Charles Henry Hitchcock was born in Amherst, Massachusetts, August 23, 1836, and died in Honolulu, Territory of Hawaii, November 5, 1919… He was the sixth child of Edward Hitchcock, Professor of Chemistry and Natural History in Amherst College, 1825-45, later its president, from 1845 to 1854, and his wife, Orra White.  This mother had such classical learning and scientific and artistic talent that “she could read the Greek Testament and calculate eclipses”… [Charles] completed the classical and preparatory courses of Williston Seminary and been graduated thence in 1852, then graduated from Amherst College in 1856, a short time before his twentieth birthday… Charles, next after the college course, took up theological studies during a year at Yale and two years at the Andover Seminary, looking forward to be a pastor; but the lure of geologic field-work, which he had begun in the summer of 1867, on the survey of Vermont, changed his plans for life to investigations and teaching in geology.

Charles was the assistant geologist of Vermont four years, under direction of his father, the State Geologist, to the close of the survey… In 1861 he was appointed State Geologist of Maine, in which service he spent two summers in field-work… This survey included a general reconnaissance of Maine, with discovery of large areas of Upper Silurian and Devonian formations.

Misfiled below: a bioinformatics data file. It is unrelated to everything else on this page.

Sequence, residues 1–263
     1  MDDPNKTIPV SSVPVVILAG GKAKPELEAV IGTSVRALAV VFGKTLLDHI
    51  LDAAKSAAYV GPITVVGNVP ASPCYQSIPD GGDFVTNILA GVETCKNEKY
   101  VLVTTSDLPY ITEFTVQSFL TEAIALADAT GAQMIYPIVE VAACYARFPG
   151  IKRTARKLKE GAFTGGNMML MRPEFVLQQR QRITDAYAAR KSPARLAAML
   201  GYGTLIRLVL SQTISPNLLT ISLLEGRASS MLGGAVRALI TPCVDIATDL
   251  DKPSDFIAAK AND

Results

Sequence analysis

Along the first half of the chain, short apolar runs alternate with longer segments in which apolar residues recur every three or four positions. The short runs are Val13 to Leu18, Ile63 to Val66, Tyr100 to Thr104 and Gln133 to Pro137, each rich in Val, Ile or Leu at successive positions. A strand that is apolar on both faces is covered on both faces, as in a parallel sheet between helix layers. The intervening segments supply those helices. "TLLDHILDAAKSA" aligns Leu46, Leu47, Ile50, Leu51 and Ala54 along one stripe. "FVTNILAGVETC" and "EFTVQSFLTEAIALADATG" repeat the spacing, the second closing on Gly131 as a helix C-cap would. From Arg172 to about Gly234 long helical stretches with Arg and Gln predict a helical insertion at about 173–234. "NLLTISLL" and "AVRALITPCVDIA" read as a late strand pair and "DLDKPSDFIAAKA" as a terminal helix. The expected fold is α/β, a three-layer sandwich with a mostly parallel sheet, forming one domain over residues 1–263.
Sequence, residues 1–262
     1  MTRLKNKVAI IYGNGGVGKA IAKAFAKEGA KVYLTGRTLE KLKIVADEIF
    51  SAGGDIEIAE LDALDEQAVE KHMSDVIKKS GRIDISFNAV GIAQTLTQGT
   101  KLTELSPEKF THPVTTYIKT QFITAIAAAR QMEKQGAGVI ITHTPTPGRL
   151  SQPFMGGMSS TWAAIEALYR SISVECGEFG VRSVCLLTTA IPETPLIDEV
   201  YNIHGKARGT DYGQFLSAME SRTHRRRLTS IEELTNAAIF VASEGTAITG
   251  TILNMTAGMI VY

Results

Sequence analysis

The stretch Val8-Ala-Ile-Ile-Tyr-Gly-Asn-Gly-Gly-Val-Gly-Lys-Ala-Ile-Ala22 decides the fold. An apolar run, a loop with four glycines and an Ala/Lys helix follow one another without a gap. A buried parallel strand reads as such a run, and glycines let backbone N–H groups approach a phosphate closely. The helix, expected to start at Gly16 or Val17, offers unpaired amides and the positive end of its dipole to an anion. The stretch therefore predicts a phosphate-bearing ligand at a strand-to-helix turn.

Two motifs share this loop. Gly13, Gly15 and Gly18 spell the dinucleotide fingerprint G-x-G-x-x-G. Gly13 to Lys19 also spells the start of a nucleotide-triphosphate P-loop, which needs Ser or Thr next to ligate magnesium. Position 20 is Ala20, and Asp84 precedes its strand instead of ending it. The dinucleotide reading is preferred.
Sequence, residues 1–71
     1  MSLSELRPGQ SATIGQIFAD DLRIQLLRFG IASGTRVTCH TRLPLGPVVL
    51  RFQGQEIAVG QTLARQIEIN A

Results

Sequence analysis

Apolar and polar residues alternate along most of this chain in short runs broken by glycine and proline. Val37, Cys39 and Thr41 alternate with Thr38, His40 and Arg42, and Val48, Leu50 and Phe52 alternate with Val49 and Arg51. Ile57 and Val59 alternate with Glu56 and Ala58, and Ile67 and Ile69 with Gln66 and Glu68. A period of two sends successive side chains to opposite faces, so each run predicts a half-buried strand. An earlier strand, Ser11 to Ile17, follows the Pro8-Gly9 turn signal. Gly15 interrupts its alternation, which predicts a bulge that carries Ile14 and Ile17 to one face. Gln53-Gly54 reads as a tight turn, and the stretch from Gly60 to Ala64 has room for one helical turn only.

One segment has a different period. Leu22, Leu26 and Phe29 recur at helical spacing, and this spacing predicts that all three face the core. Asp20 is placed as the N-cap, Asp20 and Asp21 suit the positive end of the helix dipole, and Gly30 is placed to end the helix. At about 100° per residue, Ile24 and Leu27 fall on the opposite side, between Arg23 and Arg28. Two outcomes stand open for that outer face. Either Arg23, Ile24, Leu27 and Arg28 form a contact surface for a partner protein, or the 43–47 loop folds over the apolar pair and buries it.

For Amherst College he was curator of the museum and lecturer on zoology from 1858 to 1865, and for Lafayette College was non-resident professor of geology and mineralogy from 1866 to 1870.

During a year in 1866-7 he studied at the Royal School of Mines, London, made researches of the crustacea and trilobites in the British Museum, and visited Switzerland for examination of its glaciers.

In 1868 he received appointments as State Geologist of New Hampshire and Professor of Geology and Mineralogy at Dartmouth College.  This State survey occupied ten year, with the publication of three quarto volumes and an atlas.  His active professorship at Dartmouth continued forty years, to 1908, and later was extended through his life by the title of professor emeritus.

On leave of absence from Dartmouth for parts of each year from 1870 to 1896, Professor Hitchcock was lecturer in geology for Mount Holyoke College.  In 1880-81 he additionally taught geology and zoology at Williams College and in the Virginia College of Agriculture and the Mechanic Arts.